"There are so many bits of information that are coming through this center, and those bits of information are analyzed and when you pull that all together it creates a bigger, richer picture," said FBI special agent Steve Gomez.
Gomez is in charge of counter terrorism for the FBI. He says after 9/11, intelligence sharing became a number one priority, and the Internet became a primary tool for both sides. It is on the Internet where would-be terrorists can become even more radicalized, where they can spread their anti-American propaganda and where they can recruit others. Also, they can do it in the privacy of their own homes no matter what part of the world they may be living.
"There's information that enables people to learn how to create improvised explosive devices and how to get more training and how to just become more extreme in their views and to act out," said Gomez.
The Los Angeles area is home to one of the largest ports in the world and one of the busiest international airports. L.A. is the largest entertainment venue around the globe. With events like the Oscars as well as world class sporting events, it's no question that L.A. is a target for terrorists.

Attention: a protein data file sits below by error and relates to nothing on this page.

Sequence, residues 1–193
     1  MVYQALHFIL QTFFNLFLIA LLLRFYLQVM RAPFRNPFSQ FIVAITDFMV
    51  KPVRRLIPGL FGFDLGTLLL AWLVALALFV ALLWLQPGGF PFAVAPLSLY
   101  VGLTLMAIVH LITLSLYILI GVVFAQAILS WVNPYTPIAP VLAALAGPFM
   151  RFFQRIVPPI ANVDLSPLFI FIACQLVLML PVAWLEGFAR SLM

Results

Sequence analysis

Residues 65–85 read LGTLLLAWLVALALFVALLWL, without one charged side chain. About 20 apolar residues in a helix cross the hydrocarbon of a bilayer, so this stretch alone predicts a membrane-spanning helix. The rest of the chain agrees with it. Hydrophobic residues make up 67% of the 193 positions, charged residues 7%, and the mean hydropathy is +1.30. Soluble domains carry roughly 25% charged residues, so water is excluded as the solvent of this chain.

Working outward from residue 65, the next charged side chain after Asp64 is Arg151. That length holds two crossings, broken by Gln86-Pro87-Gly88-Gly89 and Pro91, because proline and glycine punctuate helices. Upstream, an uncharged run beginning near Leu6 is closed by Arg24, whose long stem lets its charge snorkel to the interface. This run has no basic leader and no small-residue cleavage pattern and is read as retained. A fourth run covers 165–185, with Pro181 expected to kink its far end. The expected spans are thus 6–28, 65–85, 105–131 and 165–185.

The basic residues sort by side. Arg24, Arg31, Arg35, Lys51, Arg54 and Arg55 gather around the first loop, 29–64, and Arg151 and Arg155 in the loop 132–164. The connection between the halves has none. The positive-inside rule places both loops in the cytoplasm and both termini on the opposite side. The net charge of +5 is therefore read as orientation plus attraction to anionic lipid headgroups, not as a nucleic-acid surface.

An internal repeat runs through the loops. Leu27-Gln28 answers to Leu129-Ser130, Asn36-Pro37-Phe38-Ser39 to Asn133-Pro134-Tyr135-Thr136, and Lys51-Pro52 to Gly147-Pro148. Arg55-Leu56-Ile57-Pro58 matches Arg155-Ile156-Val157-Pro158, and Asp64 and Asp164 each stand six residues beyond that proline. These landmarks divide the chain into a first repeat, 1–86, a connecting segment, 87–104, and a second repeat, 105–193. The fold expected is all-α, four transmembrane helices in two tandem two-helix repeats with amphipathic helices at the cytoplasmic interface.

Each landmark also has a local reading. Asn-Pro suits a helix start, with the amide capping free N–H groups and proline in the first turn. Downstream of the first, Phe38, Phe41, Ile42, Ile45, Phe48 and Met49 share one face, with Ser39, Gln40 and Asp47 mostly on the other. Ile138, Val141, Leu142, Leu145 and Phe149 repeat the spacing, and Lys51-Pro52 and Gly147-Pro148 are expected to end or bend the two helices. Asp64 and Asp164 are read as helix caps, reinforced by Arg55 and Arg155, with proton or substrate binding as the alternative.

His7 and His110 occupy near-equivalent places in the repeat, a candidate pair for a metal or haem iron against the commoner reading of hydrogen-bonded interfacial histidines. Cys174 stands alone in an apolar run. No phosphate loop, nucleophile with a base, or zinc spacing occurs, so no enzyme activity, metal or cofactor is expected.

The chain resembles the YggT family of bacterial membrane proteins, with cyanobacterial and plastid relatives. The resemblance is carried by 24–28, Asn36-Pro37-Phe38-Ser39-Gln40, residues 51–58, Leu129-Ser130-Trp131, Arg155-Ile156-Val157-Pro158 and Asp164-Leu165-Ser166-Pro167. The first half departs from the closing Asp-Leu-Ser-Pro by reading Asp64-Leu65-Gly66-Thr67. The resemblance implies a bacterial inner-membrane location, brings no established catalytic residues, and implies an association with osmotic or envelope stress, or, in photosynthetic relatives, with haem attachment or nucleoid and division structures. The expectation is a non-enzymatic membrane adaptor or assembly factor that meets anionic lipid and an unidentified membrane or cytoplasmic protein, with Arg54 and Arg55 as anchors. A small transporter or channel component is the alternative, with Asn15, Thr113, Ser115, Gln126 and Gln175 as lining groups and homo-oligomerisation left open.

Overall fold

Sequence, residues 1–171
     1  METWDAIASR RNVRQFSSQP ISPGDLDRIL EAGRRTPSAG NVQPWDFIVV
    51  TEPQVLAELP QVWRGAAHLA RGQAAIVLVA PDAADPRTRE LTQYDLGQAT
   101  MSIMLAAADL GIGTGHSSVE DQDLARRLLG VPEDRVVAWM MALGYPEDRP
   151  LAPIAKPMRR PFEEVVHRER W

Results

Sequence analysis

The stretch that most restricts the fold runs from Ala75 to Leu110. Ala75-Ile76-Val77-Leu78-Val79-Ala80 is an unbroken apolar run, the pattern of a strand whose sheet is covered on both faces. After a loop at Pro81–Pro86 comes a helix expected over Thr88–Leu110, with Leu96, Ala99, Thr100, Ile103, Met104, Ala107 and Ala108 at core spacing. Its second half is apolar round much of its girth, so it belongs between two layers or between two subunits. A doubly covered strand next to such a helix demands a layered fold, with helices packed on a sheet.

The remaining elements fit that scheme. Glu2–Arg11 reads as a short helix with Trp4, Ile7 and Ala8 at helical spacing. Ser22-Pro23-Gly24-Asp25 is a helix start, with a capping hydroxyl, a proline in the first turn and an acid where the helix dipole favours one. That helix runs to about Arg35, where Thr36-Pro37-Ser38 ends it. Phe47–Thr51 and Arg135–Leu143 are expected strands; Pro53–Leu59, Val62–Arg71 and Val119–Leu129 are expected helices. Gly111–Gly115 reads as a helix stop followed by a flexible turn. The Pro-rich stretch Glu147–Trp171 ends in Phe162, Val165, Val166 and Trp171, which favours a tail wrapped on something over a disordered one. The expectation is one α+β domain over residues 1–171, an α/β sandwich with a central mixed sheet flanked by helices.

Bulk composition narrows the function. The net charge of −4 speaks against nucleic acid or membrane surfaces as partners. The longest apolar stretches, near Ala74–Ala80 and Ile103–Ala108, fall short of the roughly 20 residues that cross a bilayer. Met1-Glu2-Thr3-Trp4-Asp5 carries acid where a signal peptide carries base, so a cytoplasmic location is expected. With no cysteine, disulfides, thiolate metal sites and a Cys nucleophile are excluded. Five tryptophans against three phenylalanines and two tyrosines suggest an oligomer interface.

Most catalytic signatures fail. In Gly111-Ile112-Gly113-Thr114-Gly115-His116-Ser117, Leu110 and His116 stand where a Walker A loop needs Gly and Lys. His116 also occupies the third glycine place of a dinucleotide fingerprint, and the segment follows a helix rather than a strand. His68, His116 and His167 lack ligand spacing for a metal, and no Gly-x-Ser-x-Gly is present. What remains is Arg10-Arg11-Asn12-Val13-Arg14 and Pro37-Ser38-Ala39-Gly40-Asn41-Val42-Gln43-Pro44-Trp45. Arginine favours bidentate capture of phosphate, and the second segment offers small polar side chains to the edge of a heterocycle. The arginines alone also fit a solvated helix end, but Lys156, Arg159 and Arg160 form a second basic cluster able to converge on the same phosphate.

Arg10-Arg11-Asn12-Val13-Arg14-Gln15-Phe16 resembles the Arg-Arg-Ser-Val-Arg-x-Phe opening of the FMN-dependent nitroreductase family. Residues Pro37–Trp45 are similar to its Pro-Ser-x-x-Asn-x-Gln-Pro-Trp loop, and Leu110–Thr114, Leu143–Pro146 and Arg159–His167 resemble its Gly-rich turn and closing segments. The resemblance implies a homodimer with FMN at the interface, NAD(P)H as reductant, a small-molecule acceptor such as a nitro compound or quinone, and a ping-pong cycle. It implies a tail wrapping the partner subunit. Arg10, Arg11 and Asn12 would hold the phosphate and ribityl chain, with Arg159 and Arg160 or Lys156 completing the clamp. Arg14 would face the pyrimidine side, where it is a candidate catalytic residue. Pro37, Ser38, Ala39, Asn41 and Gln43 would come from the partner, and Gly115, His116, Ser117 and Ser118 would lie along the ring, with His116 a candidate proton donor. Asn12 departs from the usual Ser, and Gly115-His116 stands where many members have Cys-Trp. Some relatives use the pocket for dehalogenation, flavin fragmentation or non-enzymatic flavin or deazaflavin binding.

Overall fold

"We're into identifying networks and cells that want to do harm to our communities and neighborhoods, and we're defeating them and disrupting them before they can get traction and attack us," said LAPD Deputy Chief Michael Downing.
"We're doing things that we never did before. We don't have job classifications for the kinds of things we do and getting personnel to do the kind of job we do is difficult," described Michael Grossman of the L.A. County Sheriff's Department.
For law enforcement, attacking terrorism is a balancing act. While they are constantly looking for individuals and tracking those who may be plotting against us, their hands are tied until there is a crime committed.
"We have to protect the American civil rights, but at the same time we have to make sure that we don't have another potential terrorist attack," said Gomez.